The story's main character is a Shakespearean expert on the hunt for a 'lost' Shakespeare play, so I started with every expectation of enjoyment. But within the first few pages the expert quotes "All that glitters is not gold." Without irony. Without any other qualification. I checked again - yup, that was being presented as a direct quote. A few pages later it was quoted again - it had now become a clue in the mystery.
I did a quick poll among my friends. All but one knew that there was something wrong with the quote, and one could say that the correct quote is "All that glisters is not gold." It's one of those famous misquotes, like "Play it again, Sam". A character, who is supposed to be a Shakespearean expert, in fact the whole story starts from the premise that she's the only person who can unravel the mystery because of her expertise, and she doesn't recognise that the quote is wrong?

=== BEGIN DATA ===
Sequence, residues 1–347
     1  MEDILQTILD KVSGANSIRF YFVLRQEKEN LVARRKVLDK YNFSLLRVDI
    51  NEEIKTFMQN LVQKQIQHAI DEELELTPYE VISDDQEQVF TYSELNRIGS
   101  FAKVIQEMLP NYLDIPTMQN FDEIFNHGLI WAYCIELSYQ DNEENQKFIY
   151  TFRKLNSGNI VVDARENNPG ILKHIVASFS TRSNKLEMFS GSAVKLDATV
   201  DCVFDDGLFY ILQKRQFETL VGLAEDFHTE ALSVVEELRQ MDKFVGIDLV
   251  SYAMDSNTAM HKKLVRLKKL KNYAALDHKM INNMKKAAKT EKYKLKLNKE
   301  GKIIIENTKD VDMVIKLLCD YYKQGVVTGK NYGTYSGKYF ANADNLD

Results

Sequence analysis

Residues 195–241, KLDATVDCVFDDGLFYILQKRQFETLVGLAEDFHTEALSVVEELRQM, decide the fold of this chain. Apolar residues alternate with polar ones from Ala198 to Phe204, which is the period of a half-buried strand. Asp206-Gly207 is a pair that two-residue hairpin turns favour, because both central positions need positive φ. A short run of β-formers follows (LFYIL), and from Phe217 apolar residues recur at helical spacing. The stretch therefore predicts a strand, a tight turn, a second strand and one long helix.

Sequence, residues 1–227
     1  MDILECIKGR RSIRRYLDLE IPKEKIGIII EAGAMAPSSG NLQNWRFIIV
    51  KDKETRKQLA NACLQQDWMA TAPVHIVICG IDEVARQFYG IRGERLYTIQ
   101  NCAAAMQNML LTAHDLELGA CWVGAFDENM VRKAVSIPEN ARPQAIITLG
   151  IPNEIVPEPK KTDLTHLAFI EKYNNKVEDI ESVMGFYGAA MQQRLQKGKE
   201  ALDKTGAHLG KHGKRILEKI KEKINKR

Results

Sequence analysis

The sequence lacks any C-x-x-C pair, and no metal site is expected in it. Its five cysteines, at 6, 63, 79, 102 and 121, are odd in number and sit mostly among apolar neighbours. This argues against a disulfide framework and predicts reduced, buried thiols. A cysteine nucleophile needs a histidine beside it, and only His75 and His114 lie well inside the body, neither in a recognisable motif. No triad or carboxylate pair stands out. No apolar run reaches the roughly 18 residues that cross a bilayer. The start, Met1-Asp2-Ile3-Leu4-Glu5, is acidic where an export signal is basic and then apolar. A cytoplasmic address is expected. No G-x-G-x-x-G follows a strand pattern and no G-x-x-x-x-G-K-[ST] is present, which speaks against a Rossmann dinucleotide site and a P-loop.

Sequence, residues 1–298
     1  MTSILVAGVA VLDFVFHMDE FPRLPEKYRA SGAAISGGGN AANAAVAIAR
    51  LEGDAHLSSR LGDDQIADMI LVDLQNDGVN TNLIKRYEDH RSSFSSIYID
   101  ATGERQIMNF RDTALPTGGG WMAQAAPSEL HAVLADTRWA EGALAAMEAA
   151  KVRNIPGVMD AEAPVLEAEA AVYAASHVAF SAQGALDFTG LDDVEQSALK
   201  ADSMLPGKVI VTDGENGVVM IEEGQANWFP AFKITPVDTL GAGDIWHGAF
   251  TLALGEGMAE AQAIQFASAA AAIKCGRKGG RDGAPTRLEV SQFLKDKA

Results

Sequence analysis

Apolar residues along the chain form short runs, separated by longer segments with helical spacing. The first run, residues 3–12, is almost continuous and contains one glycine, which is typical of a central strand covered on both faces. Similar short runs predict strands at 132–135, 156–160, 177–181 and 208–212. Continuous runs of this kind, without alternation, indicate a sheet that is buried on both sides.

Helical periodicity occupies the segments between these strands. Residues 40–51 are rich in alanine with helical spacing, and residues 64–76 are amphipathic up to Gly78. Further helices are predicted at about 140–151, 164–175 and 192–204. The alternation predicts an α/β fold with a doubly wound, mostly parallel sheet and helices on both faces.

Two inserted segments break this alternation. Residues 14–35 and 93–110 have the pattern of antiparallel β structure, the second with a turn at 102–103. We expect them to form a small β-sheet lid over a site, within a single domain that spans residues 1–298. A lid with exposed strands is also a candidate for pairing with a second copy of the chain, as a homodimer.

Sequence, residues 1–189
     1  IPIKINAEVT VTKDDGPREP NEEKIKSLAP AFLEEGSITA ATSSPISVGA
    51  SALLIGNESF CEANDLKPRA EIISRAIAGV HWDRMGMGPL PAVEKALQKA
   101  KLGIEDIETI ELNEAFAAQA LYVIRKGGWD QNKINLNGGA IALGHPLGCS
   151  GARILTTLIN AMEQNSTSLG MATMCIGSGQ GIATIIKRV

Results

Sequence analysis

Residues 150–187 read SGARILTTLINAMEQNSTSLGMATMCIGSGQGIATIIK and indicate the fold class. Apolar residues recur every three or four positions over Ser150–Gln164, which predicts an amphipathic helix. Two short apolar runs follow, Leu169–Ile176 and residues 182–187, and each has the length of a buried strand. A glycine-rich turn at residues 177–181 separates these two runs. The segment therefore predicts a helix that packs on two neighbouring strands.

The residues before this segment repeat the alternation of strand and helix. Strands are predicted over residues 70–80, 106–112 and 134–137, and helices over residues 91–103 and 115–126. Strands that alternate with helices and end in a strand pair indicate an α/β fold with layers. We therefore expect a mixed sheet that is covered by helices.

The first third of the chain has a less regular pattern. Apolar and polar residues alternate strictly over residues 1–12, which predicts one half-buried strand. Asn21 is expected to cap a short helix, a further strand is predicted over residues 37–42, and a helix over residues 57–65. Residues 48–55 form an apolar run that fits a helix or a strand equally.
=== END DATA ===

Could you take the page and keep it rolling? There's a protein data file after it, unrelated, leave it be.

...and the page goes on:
The trick in writing is to weave fact and fiction together seamlessly, but in order to swallow the fiction, the fact must be accurate. And if it isn't? The reader can't trust the author on anything, and if you can't trust the author then there's no point in reading on.